Nowadays, many banks provide funds sweep-in /sweep-out facility where a balance beyond a certain limit automatically gets converted into a fixed deposit and banks pay the fixed deposit interest on it. This can be an option for a short-term horizon.

There are three main features of debt instruments

Maturity

Coupon

Principal

Maturity

Maturity refers to the date on which the bond matures. It is the date on which the borrower agrees to repay the principal amount. Term-to-maturity refers to the number of years remaining for the bond to mature. It changes every day from the date of the issue to the maturity of the bond. It is also called the tenure or term of the bond.

Coupon

Coupon Rate refers to the periodic payment of interest made by the issuer of the bond to the lender of the bond. Coupons are declared either by stating the number (example: 8%) or with a benchmark rate (example: MIBOR+0.5%). It is usually represented as a percentage of the face value or the par value of the bond.

Principal

It is the amount which is borrowed. It is the face or the par value of the bond. The product of the coupon rate and principal is the coupon.

For example a GS CG2008 11.40% bond refers to a Central Government bond maturing in the year 2008, and paying a coupon of 11.40%. Since Central Government bonds have a face value of Rs.100, and normally pay coupon semi-annually, this bond will pay Rs. 5.70 as six- monthly coupon, until maturity, when the bond will be redeemed.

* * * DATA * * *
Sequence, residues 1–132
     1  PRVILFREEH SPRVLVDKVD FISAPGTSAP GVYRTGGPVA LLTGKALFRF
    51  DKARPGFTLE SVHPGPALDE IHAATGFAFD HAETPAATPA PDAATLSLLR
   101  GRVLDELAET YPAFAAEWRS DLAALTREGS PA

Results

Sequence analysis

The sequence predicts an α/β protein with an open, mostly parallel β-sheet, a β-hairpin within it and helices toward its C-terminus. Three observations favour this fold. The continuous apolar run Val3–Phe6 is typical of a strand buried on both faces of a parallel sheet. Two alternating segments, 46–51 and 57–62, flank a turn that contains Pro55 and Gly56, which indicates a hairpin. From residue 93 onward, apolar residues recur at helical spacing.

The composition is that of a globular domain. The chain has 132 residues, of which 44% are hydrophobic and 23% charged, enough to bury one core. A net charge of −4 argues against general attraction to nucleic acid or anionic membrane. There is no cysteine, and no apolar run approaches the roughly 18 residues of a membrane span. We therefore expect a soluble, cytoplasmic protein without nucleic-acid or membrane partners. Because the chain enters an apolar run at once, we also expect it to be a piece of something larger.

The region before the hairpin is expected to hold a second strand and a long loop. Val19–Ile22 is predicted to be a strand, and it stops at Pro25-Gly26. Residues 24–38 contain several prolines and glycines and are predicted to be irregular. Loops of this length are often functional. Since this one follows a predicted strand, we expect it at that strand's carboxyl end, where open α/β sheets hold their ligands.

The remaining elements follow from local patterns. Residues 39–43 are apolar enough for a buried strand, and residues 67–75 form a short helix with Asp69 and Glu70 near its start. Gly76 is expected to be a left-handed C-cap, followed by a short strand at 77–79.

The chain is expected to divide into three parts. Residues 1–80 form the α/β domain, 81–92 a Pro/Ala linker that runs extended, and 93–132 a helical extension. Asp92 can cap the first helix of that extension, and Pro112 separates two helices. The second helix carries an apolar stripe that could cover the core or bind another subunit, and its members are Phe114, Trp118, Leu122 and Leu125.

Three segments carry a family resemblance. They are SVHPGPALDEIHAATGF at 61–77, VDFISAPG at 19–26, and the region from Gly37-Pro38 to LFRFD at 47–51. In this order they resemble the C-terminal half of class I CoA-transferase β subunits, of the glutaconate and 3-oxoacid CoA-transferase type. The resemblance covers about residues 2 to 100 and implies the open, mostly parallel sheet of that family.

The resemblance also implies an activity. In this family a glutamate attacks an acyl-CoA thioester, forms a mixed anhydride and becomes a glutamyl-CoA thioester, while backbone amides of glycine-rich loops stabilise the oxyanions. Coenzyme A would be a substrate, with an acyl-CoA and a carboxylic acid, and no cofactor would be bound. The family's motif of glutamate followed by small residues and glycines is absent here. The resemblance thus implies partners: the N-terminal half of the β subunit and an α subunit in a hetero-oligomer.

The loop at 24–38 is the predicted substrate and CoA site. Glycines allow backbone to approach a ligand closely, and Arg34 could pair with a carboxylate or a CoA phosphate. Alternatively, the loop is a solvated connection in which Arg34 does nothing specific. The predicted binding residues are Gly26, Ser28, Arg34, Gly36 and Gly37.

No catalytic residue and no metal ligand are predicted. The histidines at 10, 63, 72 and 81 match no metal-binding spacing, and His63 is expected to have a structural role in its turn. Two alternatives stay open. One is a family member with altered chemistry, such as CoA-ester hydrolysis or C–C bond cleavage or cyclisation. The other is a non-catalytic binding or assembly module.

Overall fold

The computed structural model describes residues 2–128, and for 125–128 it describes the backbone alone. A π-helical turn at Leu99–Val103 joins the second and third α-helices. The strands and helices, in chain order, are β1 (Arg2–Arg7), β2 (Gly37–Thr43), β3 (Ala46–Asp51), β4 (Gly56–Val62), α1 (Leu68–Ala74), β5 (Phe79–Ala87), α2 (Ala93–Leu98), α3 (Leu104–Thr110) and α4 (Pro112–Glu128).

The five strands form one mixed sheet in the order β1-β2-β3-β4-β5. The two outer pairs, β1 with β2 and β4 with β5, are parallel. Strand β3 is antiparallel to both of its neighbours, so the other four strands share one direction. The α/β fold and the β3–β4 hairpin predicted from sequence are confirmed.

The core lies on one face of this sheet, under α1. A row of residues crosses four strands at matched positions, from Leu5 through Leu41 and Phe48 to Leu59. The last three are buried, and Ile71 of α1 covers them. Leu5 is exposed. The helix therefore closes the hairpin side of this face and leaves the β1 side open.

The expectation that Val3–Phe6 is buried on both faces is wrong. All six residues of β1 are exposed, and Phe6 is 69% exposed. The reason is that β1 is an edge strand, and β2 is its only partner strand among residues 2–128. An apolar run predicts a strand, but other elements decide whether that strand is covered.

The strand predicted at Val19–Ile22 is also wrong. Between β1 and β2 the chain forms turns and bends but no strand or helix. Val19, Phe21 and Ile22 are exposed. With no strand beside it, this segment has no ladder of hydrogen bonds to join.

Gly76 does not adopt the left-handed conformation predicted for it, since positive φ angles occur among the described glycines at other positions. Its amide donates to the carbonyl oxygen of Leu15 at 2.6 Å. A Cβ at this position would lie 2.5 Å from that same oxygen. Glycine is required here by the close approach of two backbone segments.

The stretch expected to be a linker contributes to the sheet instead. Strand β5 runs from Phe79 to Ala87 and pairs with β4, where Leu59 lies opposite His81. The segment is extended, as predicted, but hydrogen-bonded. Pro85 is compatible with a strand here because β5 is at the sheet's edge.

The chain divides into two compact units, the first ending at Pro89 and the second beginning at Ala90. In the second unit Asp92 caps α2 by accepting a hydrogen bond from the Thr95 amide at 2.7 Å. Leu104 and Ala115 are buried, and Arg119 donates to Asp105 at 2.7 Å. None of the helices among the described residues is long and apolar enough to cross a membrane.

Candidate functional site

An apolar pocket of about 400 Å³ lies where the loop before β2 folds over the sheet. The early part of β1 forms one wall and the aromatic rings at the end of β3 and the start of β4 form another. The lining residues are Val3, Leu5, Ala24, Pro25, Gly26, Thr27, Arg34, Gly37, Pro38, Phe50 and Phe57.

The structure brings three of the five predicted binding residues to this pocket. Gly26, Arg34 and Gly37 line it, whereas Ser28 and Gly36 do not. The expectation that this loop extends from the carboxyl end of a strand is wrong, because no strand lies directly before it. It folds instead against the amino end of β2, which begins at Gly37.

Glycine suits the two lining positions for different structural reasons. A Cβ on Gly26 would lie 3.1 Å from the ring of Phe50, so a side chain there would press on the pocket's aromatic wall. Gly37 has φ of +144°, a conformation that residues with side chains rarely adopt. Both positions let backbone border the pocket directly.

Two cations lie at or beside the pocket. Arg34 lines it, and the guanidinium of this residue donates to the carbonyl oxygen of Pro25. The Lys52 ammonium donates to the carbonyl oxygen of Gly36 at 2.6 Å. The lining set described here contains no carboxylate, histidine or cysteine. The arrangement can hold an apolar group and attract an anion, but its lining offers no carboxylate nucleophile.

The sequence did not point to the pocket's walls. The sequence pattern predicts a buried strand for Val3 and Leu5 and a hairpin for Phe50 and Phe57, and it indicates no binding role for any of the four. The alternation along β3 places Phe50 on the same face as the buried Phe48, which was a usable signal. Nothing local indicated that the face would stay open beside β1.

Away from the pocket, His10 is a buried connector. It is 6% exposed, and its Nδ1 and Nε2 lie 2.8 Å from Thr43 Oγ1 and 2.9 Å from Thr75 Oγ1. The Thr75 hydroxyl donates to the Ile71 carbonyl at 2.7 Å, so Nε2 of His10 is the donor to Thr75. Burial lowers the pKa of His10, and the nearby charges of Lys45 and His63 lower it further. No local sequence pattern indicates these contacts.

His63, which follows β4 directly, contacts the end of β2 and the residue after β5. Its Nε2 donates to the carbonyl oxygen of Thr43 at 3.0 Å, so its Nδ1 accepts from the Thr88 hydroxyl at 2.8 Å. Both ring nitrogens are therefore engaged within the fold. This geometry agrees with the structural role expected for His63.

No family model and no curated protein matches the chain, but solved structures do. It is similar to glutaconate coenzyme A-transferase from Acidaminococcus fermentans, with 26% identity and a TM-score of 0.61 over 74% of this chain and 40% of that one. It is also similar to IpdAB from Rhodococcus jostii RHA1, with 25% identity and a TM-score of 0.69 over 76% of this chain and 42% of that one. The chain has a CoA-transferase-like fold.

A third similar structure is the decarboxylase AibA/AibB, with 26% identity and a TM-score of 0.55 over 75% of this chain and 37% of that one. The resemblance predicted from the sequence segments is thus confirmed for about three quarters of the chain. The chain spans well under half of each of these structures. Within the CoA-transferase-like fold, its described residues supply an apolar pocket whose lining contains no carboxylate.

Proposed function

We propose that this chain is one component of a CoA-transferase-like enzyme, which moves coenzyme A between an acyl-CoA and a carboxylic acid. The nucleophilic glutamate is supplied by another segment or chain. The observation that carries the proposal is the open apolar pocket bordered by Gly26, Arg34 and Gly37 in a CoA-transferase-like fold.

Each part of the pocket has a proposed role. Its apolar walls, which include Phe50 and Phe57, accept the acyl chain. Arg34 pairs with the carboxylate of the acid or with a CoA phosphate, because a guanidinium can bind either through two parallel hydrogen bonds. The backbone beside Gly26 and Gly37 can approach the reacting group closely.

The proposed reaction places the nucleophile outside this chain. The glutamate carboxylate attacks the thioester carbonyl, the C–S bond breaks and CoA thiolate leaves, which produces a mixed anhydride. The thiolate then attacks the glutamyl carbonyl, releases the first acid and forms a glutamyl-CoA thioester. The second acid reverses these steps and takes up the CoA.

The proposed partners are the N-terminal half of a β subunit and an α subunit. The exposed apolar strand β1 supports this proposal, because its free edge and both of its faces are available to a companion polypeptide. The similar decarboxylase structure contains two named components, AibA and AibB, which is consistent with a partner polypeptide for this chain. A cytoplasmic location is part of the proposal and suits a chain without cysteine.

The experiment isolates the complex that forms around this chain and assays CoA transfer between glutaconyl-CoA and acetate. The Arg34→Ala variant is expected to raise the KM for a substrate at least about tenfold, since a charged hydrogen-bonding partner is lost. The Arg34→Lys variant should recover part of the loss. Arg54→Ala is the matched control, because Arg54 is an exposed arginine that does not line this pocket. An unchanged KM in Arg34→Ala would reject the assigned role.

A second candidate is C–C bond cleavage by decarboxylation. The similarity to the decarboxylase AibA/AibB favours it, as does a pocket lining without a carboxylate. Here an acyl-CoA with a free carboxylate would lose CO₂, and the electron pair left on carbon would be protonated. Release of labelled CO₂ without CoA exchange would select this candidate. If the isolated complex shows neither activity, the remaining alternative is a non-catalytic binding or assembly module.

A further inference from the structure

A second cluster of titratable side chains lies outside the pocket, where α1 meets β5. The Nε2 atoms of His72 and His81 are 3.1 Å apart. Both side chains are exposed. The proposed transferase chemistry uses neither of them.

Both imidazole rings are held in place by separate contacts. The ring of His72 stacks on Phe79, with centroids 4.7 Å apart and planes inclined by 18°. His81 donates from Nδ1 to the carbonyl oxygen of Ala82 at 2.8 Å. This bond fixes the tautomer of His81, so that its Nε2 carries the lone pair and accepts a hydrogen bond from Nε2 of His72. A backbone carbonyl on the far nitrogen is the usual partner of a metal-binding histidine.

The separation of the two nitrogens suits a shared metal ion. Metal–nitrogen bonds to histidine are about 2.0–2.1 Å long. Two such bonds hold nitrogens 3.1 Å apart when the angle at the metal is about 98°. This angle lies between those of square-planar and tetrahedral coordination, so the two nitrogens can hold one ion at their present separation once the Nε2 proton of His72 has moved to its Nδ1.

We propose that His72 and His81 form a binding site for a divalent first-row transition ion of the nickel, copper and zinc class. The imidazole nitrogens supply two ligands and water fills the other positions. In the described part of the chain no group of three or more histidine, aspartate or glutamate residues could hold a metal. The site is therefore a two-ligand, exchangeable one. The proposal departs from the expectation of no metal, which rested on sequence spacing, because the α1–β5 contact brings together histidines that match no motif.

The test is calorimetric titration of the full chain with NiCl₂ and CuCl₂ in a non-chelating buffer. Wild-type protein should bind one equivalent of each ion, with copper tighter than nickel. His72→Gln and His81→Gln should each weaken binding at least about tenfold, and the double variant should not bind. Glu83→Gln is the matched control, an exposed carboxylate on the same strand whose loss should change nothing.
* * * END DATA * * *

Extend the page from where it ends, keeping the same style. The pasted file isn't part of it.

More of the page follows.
The term to maturity of a bond can be calculated on any date, as the distance between such a date and the date of maturity. It is also called the term or the tenor of the bond. For instance, on February 17, 2004, the term to maturity of the bond maturing on May 23, 2008 will be 4.27 years. The general day count convention in bond market is 30/360European which assumes total 360 days in a year and 30 days in a month. There is no rigid classification of bonds on the basis of their term to maturity. Generally bonds with tenors of 1-5 years are called short-term bonds; bonds with tenors ranging from 4 to 10 years are medium term bonds and above 10 years are long term bonds. In India, the Central Government has issued up to 30 year bonds.

CHARACTERISTICS OF DEBT INSTRUMENTS

The primary characteristics of debt instruments are:

Issuance of an instrument is easy

Any company with or without past track record can issue these instruments

Rate of interest are fixed or floating

Fixed commitments are imposed on servicing

Debt instruments may be flexible in the period of repayment or nature of interest but they impose fixed commitments on servicing or business. Failure to do servicing of these instruments would be termed as default with adverse effects on the company's standing in the financial sector.

Risk is low

Investors in such instruments being creditors of the company have priority over equity and preference shareholders in receiving return (in the form of interest) in such instruments. These carries priority claim on the assets of the firm (if secured) in the event of bankruptcy.